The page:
On hearing Sheikh Taj el-Din al-Hilali's comments about rape, my first thought was that the sheikh, Australia's leading Muslim cleric, must be Sacha Baron Cohen's latest alter ego. After all, some views are so extreme that you can only hope they're satirical.
In a Ramadan sermon, Sheikh al-Hilali compared women to "uncovered meat" and quoted approvingly from a scholar called al-Rafihi: "If I came across a rape crime - kidnap and violation of honour - I would discipline the man and order that the woman be arrested and jailed for life." This punishment was because women - skin-baring temptresses that we be - are, in Sheikh al-Hilali's view, ultimately responsible for rape.
"If you take uncovered meat and put it on the street . . . and the cats eat it," he then said, "is it the fault of the cat or the uncovered meat? The uncovered meat is the problem." (He didn't address the fact that "uncovered meat" is insensate matter, and that it is therefore quite difficult to blame for anything, but this is hardly the most serious problem with his argument.)
Given his view of women, the sheikh rather predictably suggested that we should all stay at home, "wearing the veil".
And news of these comments emerged in the same week that the Russian president, Vladimir Putin, had a right laugh - no doubt nudging and winking and making that "Huh? Huh?!" noise people make when they think they've coined the gag of the century - as he joked about allegations filed against the Israeli president, Moshe Katsav. "What a mighty man he turns out to be! He raped ten women . . . We all envy him." Yes, Vladimir. How fucking hilarious.
And Putin isn't the only world leader to have expressed some dodgy views on rape. Explaining to the US media why he had initially blocked an application for the gang-rape victim Mukh taran Bibi to travel to the United States last year, President Pervez Musharraf of Pakistan said that rape had "become a money-making concern. A lot of people say if you want to go abroad and . . . be a millionaire, get yourself raped." When Musharraf was condemned for this freakish suggestion, he moped that Pakistan was being "singled out on an issue which is global".
This was disingenuous (if you are going to make misogynist comments, you must at least accept the fallout) but it was also, unfortunately, quite accurate. Although it's tempting to assume that we are far more enlightened and supportive of women here in Britain, we, too, are in the gutter when it comes to rape.
Of course, Sheikh al-Hilali's notion that rape victims are "asking for it" had long had currency here, but British feminists have spent the past few decades campaigning to change police and public attitudes - and, for a while, they really seemed to have succeeded.
Last year, however, an Amnesty International poll showed a huge regression. For example, 6 per cent of respondents deemed any rape victim who had flirted with her attacker entirely responsible for the attack - entirely responsible! - while 28 per cent said she would be partly responsible. And for any rape victim who had been wearing revealing clothes - the "short skirt" of lore - 6 per cent said she would be totally responsible for being raped; 20 per cent thought her responsible in part. Similar figures applied if she was drunk, had had many sexual partners, or had been walking alone in a deserted area.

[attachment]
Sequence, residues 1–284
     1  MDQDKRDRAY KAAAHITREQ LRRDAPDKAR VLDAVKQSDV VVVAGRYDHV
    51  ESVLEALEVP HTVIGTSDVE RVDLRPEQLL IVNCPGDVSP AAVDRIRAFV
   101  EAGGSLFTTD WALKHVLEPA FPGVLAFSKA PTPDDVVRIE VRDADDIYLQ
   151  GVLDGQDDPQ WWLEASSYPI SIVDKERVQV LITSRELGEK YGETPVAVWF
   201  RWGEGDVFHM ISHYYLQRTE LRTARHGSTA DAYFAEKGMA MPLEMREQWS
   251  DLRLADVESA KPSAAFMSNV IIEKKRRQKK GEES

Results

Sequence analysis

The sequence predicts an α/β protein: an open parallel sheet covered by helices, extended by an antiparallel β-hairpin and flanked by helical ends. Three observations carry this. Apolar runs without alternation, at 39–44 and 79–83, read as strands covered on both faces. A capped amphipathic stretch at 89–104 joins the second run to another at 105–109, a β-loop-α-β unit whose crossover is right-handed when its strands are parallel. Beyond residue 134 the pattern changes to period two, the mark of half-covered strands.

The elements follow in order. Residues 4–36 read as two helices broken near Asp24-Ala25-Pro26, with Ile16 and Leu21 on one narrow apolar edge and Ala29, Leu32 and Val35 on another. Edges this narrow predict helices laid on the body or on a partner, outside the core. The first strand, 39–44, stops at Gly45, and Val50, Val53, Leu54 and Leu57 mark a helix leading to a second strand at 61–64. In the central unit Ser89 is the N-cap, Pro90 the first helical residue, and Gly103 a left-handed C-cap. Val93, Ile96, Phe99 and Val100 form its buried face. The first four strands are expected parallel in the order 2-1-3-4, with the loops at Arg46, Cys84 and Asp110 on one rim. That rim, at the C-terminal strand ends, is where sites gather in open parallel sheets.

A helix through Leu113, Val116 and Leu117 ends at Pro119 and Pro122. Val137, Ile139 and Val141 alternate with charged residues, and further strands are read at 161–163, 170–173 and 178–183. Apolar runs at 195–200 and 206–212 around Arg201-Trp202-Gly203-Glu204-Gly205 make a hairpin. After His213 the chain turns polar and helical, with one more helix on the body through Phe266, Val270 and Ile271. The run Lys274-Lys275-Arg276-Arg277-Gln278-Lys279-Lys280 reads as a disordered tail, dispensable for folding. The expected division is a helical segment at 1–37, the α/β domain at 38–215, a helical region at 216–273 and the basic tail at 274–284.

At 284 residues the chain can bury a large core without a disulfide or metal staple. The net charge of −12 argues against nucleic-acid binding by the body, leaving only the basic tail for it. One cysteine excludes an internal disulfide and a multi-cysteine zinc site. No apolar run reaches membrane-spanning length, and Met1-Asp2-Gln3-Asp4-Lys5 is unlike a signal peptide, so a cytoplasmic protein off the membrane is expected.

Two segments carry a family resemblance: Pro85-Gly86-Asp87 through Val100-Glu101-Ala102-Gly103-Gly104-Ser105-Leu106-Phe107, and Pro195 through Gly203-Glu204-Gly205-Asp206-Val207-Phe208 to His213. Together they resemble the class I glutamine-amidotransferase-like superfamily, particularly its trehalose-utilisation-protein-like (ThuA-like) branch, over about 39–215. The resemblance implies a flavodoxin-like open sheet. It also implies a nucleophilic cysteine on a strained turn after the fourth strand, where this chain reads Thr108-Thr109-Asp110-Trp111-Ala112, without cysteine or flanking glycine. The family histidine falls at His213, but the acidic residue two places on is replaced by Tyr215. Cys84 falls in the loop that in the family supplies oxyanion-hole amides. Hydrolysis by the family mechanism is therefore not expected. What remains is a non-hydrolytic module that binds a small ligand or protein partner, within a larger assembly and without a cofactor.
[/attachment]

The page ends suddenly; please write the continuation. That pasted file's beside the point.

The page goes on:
These attitudes are reflected in, and trumped by, UK rape conviction rates, which now stand at an all-time low. It is estimated that 50,000 rapes occurred in this country in 2003, against 11,867 reported cases, resulting in just 629 convictions. When it comes to contested cases (those where the defendant does not admit guilt) women are typically believed just 3-4 per cent of the time.
Sheikh al-Hilali suggests that, because women are responsible for being raped, we should be punished for any attack. Well, in recent years, he will be pleased to hear, a number of British women whose rape cases have either been dropped by the police or have ended in acquittal have been charged with perjury or perverting the course of justice. Given that women are not believed in 97 per cent of all contested cases, this implies that any British woman who pursues a rape allegation runs the risk of attracting punishment piled on punishment - the trauma of an attack being followed by the trauma of the courtroom, followed by the trauma of an acquittal, and then, just possibly, by the hideous, lonely hell of a prison cell.
In the current British climate, which woman wouldn't be tempted by the sheikh's suggestion that we should stay at home? Many of you will remember the Reclaim the Night marches of the late 1970s and 1980s, and see them as a thing of the past, but when women gather by Nelson's Column at 6pm this coming Saturday 25 November, we should all join them. The way a culture deals with rape is one of the best possible indications of how highly it values women. As long as British attitudes remain so viciously prehistoric, we need to fight them all the way.